There were two ways to interpret the recent Taiwan election. One was as a victory for stability, because the ruling Nationalist Party (KMT) candidate for governor of Taiwan beat the pro-independence candidate handily. The other was as a provocative slap at the local establishment and at Communist China, because the independence candidate won for mayor of Taipei, the capital city, with 44 percent in a three-way race.
The Taipei stock market chose the first interpretation. It surged. Clearly, Taiwanese capitalists believe their boat is not rocked. They remain confident the fiction that Taiwan is not a country will let it go on being the one with the largest foreign currency reserves, the 14th largest economy and the most impressive transition to democracy in Asia, with only 21 million people. This tiger will not roar, out of respect for the dragon.
Immediately after the election came the visit of U.S. Transportation Secretary Federico Pena, the first U.S. cabinet officer to visit Taiwan since Jimmy Carter de-recognized it in 1979 as the price for relations with China. President Clinton is wisely expanding the Taiwan relationship incrementally.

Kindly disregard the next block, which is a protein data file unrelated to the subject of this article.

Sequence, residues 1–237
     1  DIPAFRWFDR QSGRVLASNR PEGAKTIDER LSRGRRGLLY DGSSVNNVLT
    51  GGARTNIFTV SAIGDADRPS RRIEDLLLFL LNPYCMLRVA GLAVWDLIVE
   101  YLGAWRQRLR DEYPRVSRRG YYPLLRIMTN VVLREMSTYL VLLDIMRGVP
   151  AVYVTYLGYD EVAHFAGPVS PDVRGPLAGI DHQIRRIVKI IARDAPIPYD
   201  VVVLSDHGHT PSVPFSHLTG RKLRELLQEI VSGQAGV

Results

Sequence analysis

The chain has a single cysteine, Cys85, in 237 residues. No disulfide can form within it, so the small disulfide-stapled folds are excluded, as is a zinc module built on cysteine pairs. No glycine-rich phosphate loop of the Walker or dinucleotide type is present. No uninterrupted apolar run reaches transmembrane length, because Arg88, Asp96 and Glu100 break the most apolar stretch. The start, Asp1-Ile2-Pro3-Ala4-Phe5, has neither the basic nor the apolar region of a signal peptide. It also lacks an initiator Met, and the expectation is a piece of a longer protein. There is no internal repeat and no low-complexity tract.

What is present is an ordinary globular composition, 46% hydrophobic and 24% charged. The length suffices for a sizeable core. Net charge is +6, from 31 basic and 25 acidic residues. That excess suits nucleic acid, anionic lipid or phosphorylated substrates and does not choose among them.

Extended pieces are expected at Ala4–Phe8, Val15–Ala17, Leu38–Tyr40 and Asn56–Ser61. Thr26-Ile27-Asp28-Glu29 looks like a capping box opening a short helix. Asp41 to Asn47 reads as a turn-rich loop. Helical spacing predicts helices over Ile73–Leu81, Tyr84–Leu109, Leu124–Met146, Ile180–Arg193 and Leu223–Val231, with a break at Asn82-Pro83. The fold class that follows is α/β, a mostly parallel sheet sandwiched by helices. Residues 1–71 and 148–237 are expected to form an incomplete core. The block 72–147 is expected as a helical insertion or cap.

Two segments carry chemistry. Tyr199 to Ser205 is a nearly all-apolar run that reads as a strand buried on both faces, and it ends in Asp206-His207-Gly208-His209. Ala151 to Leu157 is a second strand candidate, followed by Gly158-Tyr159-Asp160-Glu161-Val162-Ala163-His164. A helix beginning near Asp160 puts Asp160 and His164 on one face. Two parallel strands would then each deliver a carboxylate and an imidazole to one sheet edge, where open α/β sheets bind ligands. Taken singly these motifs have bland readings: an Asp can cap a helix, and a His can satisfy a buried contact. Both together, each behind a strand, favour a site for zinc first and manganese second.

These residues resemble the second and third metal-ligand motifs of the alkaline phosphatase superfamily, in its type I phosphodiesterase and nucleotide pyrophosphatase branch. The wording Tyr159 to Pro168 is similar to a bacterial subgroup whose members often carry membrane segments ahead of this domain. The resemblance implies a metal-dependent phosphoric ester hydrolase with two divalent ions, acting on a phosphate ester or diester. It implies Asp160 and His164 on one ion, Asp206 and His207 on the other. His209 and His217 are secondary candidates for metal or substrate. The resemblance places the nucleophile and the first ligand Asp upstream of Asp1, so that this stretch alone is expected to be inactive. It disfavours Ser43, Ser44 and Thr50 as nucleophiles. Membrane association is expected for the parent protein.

The Pena visit is a small victory for President Lee Teng-hui's policy of sovereignty by stealth. In theory, he agrees with Deng Xiaoping in Beijing that there is only one China and pretends to be president of it. Since the Republic of China government purports to govern all China, its governor of Taiwan governs everywhere the president does. This was the first free gubernatorial election since martial law ended in 1989, and paves the way for a free presidential election in 1996.
The Democratic Progressive Party (DDP), which seeks independence, did not win the loyalties of the 85 percent of the electorate who speak Taiwan dialect. They returned the governor, James C. Y. Soong, who cannot speak Taiwan dialect and represents the ruling Chinese who arrived only after the collapse of Nationalist China in 1949. But the DDP success in Taipei gives it an important platform for 1996. The issue of Taiwan's eventual fate is kept open. The Communists are not given assurance of eventual reunification, yet are not provoked with repudiation of it.
In fact, there are two Chinas, while both agree there is only one. They profit from closer relations and increasingly need each other. The election on Taiwan did not change that, but did rub in the truism that if you believe in free elections, you have to accept the results.